Dr. Whitehurst goes on to do some analysis of the correlation between state pre-K enrollments in 2006, and 4th grade test scores on the National Assessment of Educational Progress in 2011, 5 years later, when those former pre-K participants would have been in 4th grade.  He controls for state median income, the percentage of the state’s school-aged population that is non-white, and the percentage of the state’s 4th graders who qualify for a free or reduced price lunch. He finds that with these controls, higher state pre-K participation in 2006 is associated with higher NAEP test scores in 2011 in reading and math.

As Dr. Whitehurst acknowledges, it is hard to be sure that this analysis is picking up causal effects of state pre-K participation on subsequent test scores. There are many unobservable state characteristics that may also affect test scores, and that might be correlated with state pre-K participation.  For example, Dr. Whitehurst is concerned in an endnote that “states that have invested the most in their pre-K programs [may] have also been more active than other states in instituting other education reforms”.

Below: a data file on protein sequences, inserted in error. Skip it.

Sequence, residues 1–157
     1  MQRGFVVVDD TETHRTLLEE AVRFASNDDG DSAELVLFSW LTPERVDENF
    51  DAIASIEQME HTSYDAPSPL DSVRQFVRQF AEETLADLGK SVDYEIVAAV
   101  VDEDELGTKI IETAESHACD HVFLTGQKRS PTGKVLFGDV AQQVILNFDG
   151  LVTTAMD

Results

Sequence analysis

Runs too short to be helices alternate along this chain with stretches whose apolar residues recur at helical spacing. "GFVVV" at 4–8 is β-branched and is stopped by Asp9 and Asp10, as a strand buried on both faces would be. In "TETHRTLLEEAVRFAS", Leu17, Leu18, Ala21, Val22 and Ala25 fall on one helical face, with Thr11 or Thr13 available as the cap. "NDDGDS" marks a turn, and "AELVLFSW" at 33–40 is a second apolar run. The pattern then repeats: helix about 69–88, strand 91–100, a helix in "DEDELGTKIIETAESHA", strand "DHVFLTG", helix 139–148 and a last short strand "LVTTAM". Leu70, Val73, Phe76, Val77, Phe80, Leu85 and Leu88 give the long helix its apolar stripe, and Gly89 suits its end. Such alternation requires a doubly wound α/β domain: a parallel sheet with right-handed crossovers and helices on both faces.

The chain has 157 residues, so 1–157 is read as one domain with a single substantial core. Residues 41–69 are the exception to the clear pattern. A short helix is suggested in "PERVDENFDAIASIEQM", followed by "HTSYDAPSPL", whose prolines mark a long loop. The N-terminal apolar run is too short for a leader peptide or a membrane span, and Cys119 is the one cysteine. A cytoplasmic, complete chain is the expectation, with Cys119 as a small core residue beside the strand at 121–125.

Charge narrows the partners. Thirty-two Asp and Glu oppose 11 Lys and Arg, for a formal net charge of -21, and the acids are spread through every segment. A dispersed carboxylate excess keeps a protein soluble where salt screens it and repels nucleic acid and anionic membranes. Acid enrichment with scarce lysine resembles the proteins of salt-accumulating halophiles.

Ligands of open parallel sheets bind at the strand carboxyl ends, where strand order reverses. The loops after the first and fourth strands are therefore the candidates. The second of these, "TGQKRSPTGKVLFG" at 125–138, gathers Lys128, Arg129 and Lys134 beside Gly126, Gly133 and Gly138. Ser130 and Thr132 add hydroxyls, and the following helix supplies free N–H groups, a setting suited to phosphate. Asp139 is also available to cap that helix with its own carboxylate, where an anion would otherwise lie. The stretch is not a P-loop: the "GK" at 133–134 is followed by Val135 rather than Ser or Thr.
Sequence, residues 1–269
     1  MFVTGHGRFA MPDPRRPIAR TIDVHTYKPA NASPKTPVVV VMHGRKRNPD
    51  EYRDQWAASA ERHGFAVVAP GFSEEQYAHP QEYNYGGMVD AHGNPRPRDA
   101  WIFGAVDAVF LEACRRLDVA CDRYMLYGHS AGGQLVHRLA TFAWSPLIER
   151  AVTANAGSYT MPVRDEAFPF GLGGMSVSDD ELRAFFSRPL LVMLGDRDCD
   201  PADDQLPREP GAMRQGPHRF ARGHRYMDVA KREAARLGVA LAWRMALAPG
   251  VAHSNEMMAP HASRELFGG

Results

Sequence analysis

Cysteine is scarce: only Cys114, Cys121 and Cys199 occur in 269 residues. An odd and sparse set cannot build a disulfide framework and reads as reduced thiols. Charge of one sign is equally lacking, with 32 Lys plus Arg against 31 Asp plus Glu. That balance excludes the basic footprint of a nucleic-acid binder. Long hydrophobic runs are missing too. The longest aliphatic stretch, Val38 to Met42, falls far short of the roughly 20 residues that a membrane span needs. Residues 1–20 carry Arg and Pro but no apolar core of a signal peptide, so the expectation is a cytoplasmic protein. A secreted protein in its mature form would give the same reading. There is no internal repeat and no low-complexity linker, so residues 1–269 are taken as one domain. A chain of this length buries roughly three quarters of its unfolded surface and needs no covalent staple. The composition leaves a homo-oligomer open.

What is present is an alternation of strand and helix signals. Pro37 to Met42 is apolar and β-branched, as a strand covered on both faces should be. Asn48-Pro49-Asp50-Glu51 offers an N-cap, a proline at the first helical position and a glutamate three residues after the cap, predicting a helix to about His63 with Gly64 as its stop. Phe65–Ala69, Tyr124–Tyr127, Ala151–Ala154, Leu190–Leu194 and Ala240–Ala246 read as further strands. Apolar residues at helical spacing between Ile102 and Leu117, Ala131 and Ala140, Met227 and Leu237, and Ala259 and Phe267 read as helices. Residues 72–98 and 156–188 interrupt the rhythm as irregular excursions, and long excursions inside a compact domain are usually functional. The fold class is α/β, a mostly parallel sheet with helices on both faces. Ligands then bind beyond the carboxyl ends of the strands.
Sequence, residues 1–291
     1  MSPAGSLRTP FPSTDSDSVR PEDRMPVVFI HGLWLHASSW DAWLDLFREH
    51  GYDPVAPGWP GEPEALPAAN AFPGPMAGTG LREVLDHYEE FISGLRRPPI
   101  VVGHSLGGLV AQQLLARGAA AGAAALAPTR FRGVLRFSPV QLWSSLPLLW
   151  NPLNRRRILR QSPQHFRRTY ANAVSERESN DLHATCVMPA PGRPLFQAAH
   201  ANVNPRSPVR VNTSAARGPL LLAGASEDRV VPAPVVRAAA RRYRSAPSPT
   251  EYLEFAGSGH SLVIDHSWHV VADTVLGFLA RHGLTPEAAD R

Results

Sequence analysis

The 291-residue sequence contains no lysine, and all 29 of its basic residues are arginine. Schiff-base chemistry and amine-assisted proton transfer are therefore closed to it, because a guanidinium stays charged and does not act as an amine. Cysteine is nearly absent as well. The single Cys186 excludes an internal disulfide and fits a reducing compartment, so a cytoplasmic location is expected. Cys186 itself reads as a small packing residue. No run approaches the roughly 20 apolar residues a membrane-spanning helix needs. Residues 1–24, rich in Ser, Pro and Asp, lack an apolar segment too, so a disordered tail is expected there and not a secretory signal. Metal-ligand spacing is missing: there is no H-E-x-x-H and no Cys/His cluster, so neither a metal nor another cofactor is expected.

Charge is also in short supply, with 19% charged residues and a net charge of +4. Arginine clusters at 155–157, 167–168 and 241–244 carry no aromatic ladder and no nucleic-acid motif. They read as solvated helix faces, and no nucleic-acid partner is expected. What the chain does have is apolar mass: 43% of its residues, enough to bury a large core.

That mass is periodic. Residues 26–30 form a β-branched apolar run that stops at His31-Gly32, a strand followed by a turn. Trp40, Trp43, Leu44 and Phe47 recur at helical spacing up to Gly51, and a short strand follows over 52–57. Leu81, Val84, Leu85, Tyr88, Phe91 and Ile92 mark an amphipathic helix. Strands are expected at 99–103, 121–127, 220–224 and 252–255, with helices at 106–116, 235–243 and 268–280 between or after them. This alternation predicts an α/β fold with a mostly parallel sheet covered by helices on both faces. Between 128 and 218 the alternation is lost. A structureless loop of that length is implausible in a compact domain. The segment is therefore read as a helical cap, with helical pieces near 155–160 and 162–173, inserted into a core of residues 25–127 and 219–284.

My comment: Given the problems with unobserved state characteristics, this analysis should be considered much less authoritative than previous pre-K studies that do have good comparison groups.  Of most relevance are programs similar to most state pre-K programs. This includes the Chicago Child-Parent Center program, which has a good comparison group, and both short-term and long-term evidence for significant benefits.  It also includes the many regression discontinuity studies of state pre-K programs that show short-term test score benefits, which I summarized in my recent paper on Kalamazoo’s pre-K program.  If we’re looking to predict test score effects of the Obama pre-K program, we should be looking at these studies with good comparison groups, not relying on regressions with aggregate state data that cannot control for unobserved state characteristics.